Companies (Amendments) Bill 2015 and its implications

How the Amendments to the Companies Act Makes Business Easier

Doing business in India is still painful (when will that change?), but somewhat less so now, with the President’s assent to the Companies (Amendment) Bill 2015. The bill has removed a few clauses that made business (perhaps unintentionally) difficult, eased certain transactions and brought clarity to certain ambiguous provisions of the Companies Act, 2013. It also places hefty penalties on fraud. Along with the successful implementation of INC-29, the government does seem committed to making India an easier place to register a company and run it. It’s still very far from being world-class, but it’s certainly a good start. Let’s find out what’s changed:

No Commencement of Business Certificate

No Minimum Paid-up Capital

While the act required founders of private limited companies to have a paid-up share capital worth Rs. 1 lakh (also the minimum amount of authorised capital for a company), this requirement has now been removed. You may now start a business with any amount of paid-up capital. It isn’t clear whether you can start with no paid-up capital at all (only time will tell this), but for now, even issuing shares of a paltry Rs. 1000 would do.

No Common Seal

Until May 26, 2015, the date the amendment was signed by the President, all companies (private, one-person and public) had to get a common seal made. While it cost just Rs. 500, it was a waste of two days and had to be done immediately after the receipt of the incorporation certificate is received. This is no longer the case; all agreements can now be signed by two directors or a company secretary. You may still have a common seal, but you can get it at your own time.

Penalty on Failure to Repay Deposits

A new section now deals with deposits accepted in contravention of the Act as well as failure to repay deposits or interest, in part of full, within the specified period of time. In both cases, the company can be fined anywhere from Rs. 1 crore to Rs. 10 crore. Every defaulting officer may also be sentenced to up to 7 years’ imprisonment and a fine of Rs. 25 lakh to Rs. 2 crore.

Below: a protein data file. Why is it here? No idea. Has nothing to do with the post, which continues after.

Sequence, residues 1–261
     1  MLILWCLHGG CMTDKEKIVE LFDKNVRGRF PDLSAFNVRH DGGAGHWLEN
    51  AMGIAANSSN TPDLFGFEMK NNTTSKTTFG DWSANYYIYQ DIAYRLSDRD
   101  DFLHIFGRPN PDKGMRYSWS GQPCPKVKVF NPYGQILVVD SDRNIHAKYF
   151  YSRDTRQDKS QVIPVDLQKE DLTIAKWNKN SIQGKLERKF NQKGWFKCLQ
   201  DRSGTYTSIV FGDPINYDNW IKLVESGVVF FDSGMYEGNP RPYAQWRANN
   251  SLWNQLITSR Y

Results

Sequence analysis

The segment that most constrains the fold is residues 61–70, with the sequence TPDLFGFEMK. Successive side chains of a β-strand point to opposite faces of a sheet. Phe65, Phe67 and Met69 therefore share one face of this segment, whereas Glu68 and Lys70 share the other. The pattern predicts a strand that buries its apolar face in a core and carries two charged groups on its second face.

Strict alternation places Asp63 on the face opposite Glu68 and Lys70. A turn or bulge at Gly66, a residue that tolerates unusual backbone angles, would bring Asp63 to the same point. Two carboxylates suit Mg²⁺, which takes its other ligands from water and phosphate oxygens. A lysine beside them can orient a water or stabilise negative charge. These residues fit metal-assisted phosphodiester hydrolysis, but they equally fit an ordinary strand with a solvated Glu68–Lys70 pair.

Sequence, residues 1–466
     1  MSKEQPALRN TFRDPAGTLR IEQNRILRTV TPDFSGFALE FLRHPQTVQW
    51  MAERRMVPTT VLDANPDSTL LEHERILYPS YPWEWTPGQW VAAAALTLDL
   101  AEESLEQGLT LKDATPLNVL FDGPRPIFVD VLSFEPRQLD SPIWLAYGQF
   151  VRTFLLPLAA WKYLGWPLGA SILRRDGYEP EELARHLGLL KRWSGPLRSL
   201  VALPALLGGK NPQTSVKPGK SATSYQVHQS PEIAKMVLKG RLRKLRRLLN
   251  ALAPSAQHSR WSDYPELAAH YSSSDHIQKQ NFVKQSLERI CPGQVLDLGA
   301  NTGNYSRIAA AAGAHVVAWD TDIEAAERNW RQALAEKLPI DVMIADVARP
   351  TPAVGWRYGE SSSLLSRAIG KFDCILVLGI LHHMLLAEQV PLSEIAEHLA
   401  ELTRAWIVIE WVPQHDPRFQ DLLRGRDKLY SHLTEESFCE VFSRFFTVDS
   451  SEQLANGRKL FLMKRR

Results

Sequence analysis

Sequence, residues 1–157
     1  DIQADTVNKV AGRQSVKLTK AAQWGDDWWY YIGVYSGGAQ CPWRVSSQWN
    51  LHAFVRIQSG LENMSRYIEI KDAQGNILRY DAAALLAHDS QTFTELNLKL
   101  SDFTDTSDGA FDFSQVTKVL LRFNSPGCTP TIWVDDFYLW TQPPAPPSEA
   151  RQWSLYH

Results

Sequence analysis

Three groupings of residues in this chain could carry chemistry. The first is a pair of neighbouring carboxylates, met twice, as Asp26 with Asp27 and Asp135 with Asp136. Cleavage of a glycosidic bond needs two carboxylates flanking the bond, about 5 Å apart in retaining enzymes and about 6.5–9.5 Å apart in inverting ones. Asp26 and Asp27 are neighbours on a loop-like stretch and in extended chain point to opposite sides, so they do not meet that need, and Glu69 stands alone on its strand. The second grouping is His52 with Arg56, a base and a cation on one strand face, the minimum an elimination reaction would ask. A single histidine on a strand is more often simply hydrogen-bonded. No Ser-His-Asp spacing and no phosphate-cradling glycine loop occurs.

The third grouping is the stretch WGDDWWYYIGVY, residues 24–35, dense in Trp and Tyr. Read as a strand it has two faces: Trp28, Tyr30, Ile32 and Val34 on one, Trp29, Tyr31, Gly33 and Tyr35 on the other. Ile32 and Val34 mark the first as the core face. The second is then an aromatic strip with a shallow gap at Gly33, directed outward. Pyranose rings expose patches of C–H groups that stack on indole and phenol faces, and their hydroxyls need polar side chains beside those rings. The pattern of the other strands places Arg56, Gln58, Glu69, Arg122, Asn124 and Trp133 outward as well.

Transactions between Related Parties

The Companies Act, 2013 made it difficult for related parties to transact business with each other, as it required a special resolution. Shareholder approval was also required for transactions between holding company and the wholly owned subsidiary. With the Amendment, only ordinary resolutions are required for related party transactions and shareholder approval is not required when consolidated accounts are submitted to shareholders for their approval.

Board Resolutions No Longer Public

Board resolutions (ordinary and special) will no longer be public documents.

No Dividend Unless Losses Set Off

Companies may no longer declare dividend unless the carried-over losses and depreciation not provided for in previous years are set-off against current year’s profits. Any dividend unpaid for 7 years or longer must now be transferred to Investor Education and Protection Fund.

Commencement of Business Certificate

This certificate, which had to be obtained immediately after the incorporation of a company, is no longer needed. And good riddance. The Commencement of Business Certificate was completely unnecessary even when the MCA declared it a requirement. A few months ago, however, banks began insisting on it to open a simple current account, apparently under pressure from government authorities. This, even though it is MCA itself that had registered your business.

[This is a guest Post by Hrishikesh Datar, CEO of vakilsearch.com, one of India’s largest online legal services companies, which offers trademark and company registration across India.]

Hrishikesh Datar
 

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